“I think it really depends on the guest, but it’s very common,” he said, noting that because the centre has a self-cook kitchen, guests typically rely on grocery stores in Creekside and the village for their supplies. 

Further complicating the situation is the fact there are just over a dozen parking stalls at a facility with 140 beds.

“This building was built during the [2010 Olympic] Games and I think at that time Cheakamus was looked at as a green community where we wouldn’t have a lot of cars,” Boone said. “But the reality is, a lot of people have one, two cars in this area and the businesses just wouldn’t be able to survive without the transit.” 

For Pemberton and Mount Currie, the effects of the job action are even more acute. BC Transit’s Pemberton 99 bus is a crucial link to employees who commute to Whistler, which speaks to the ongoing need for a more robust regional transit system that links Pemberton and Mount Currie to the corridor and beyond, something local officials have been pursuing for years.

“We’re just going to wait and see what happens with the strike. If it carries on, then I guess we’ll have to come up with [a transportation alternative for Mount Currie residents],” said Lil’wat Chief Dean Nelson.  

Taxi companies and ride-hailing service Whistle! have struggled to pick up the slack in the wake of the strike. Whistle! GM Andrew Bacon said his drivers were kept busy over the weekend, but, like so many other businesses in town, a lack of staff is making it virtually impossible to meet the surge in demand. 

“Are we as a local rideshare company and taxis able to step up and fill the gap of the buses? Absolutely not,” he said. “It’s very difficult for us as a rideshare company, and I’m sure for the taxis. They just stop answering their phones, and I don’t blame them. We’ve got hundreds and hundreds of people looking for rides.”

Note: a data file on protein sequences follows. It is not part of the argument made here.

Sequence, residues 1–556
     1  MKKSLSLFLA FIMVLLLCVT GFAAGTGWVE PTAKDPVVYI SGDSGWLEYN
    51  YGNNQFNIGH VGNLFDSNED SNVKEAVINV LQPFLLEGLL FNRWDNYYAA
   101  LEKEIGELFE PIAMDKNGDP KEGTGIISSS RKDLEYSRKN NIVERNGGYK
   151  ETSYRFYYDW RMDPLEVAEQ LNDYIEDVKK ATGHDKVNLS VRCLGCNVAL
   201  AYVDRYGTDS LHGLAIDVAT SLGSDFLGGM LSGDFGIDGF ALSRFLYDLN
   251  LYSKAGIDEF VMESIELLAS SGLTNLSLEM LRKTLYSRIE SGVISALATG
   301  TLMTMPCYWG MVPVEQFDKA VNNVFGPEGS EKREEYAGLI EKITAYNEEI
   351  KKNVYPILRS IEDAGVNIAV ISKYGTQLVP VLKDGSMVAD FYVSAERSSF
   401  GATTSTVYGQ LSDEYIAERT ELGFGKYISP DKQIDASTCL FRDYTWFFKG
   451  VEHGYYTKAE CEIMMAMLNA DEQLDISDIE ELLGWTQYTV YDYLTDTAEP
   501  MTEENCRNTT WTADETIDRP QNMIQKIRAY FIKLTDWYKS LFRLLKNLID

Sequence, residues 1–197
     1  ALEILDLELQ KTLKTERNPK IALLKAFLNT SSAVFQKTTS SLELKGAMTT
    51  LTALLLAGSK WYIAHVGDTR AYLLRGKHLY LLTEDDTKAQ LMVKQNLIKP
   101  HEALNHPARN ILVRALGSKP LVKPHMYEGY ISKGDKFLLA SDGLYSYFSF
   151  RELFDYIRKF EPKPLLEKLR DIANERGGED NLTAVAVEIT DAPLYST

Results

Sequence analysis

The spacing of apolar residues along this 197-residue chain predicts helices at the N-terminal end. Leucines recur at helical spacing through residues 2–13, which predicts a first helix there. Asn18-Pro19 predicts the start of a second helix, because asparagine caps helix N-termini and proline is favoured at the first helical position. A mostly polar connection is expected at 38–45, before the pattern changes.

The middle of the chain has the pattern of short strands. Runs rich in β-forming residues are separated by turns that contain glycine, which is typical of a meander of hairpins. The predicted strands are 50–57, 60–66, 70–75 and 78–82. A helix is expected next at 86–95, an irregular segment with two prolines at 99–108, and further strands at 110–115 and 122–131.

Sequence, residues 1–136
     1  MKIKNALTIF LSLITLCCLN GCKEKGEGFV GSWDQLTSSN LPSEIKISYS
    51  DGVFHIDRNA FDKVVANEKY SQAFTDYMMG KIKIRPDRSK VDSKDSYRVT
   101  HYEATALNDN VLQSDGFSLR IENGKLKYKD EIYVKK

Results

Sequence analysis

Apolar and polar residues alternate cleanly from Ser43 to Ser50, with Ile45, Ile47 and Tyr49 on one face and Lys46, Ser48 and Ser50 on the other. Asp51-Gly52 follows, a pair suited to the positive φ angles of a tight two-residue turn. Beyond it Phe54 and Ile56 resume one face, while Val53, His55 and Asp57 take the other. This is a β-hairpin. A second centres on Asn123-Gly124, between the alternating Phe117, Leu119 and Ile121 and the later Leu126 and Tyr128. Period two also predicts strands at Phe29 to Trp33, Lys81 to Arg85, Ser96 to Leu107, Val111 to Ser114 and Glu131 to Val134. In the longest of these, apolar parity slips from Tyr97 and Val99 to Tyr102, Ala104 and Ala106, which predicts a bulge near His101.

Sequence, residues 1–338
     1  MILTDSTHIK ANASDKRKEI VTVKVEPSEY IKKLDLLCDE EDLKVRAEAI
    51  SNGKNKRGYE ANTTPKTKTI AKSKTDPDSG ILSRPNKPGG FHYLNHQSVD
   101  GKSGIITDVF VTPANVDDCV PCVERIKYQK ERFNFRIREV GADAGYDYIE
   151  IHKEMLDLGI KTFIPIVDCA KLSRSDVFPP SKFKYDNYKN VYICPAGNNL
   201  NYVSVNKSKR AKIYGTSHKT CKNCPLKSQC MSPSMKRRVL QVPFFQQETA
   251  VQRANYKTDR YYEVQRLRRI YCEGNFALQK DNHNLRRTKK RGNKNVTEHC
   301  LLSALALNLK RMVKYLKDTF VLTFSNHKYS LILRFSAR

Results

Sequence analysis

Bacon said the average wait time during peak hours this weekend was anywhere from an hour to 90 minutes. (Whistle! also introduced a pooling option on Saturday.) Counting 26 drivers on the platform and a fleet of seven Whistle!-owned cars (independently contracted drivers may also use their own vehicle), Bacon said the platform would need at least another 20 drivers to meet the demand. “We’re moving a lot of people. We’re moving a couple thousand people a weekend now,” he said.

‘Unfortunately, we’re quite a distance apart’ 

In an interview with Unifor shortly after news of the impending job action came to light last Friday, Gavin McGarrigle, the union’s western regional director, said the parties were far from any kind of consensus at the bargaining table.  

“Unfortunately, we’re quite a distance apart,” he said. “BC Transit wants to hide behind its contractors, and the contractor made it clear they don’t see a route to closing the gaps and getting to a fair agreement, so we have no choice but to strike.”